A great movie almost completely undone in audience’s minds by the bizarre choices in the finale, Munich at first glance appears to be a meditation on hate in the world, and the lengths good people go to in efforts to provide security and peace to their nation. But in reality, it is a straightforward action yarn, a vengeance thriller unlike pretty much any other, and a true story (-ish) to boot. And yes, it ends with the most awkward sex scene ever filmed.

That is one sweaty Bana, ladies and gents

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The Set of 400: #294 – My Favorite Rolling Ferris Wheel

Today! Because I fought your kind in the Great War, and we kicked the living shit out of you –

1941 (1979)

Directed by Steven Spielberg

Starring John Belushi, Dan Aykroyd (x3), Ned Beatty (x2), Christopher Lee (x4), Tim Matheson, Toshiro Mifune (x2), John Candy (x4), Nancy Allen, Lorraine Gary (x2), Warren Oates, Slim Pickens, Robert Stack, Treat Williams, Murray Hamilton (x3), Elisha Cook Jr., Patti LuPone, Eddie Deezen, Perry Lang, Wendie Jo Sperber, Joe Flaherty, David L. Lander, Michael McKean (x3), Don Calfa, Susan Backlinie, Jerry Hardin, Audrey Landers, Dick Miller (x3), Mickey Rourke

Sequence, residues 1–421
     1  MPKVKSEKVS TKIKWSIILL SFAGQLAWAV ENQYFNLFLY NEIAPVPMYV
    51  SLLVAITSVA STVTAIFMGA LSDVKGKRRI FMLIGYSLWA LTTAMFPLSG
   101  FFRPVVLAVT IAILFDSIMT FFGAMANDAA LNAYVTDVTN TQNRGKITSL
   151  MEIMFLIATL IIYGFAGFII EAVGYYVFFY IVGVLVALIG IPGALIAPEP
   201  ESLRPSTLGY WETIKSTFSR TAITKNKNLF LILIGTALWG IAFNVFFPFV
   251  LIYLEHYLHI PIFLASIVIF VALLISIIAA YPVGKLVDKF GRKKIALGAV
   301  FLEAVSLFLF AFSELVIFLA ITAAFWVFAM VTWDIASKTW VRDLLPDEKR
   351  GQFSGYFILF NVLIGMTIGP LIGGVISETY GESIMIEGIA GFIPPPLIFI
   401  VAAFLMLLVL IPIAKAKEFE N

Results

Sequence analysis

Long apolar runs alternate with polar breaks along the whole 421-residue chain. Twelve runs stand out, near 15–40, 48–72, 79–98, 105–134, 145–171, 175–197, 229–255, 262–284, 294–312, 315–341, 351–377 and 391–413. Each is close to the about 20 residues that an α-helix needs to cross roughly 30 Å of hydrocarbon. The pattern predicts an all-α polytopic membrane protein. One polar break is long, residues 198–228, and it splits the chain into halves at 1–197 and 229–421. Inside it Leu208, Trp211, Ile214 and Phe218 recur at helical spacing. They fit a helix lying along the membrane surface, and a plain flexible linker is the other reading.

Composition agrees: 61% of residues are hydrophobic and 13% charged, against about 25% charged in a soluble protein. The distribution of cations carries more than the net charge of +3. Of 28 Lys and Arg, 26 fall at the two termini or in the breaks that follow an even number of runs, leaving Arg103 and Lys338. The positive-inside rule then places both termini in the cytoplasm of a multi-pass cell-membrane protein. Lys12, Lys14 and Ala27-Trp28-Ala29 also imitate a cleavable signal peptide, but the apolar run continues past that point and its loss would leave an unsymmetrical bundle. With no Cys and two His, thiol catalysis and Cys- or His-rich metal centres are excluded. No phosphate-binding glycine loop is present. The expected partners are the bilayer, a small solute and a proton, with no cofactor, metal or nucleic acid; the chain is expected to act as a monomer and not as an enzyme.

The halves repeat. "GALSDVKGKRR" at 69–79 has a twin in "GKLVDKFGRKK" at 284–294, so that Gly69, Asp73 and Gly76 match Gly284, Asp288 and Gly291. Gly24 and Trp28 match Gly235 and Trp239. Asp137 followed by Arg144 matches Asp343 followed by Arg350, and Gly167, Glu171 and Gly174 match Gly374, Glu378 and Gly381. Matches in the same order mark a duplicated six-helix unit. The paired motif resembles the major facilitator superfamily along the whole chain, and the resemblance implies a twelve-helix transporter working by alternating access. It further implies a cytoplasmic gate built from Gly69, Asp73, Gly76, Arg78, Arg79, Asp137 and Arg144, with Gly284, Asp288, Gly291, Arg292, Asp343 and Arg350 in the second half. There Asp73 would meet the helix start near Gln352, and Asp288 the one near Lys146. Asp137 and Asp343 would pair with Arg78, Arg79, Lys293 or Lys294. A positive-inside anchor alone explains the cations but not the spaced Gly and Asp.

For those of you unfamiliar with this movie – can you believe the above cast got together in ’79 and put on an epic war comedy? And under the direction of the king, Steven Spielberg, following his massive success with Jaws and Close Encounters? Doesn’t it make you want to run out and see what this movie could possibly be?? How have you avoided it all these years? Do it!

And for those of you already familiar with this movie, SHUT UP.

I’m not Titanic-level defensive about 1941, but that’s because most people either didn’t see it or don’t remember it enough to argue about it. And look, I know there is a lot wrong with this movie. It only sort of functions as a comedy – it’s like a less funny It’s a Mad, Mad, Mad, Mad World with explosions and extended choreographed fistfights – and sort of functions as a war movie. But the premise is solid enough and the cast is terrific that, even though it doesn’t totally deliver, it’s still a pretty entertaining movie. Continue reading

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The Set of 400: #331 – My Favorite Punchable Child Character

Today! Because he’s got a chip on his shoulder the size of the national debt –

Twilight Zone: The Movie (1983)

Directed by Joe Dante, John Landis, George Miller, and Steven Spielberg

Starring Dan Aykroyd (x2), Albert Brooks (x2), Vic Morrow, John Larroquette (x2), Steven Williams, Scatman Crothers, Selma Diamond, Bill Quinn, Murray Matheson, Kathleen Quinlan, Dick Miller, John Lithgow, Donna Dixon, Burgess Meredith (x3), Abbe Lane, Bill Mumy, Nancy Cartwright, William Schallert, Patricia Barry, Kevin McCarthy, Jeremy Licht, Priscilla Pointer, Martin Garner, Helen Shaw, Charles Hallahan, Doug McGrath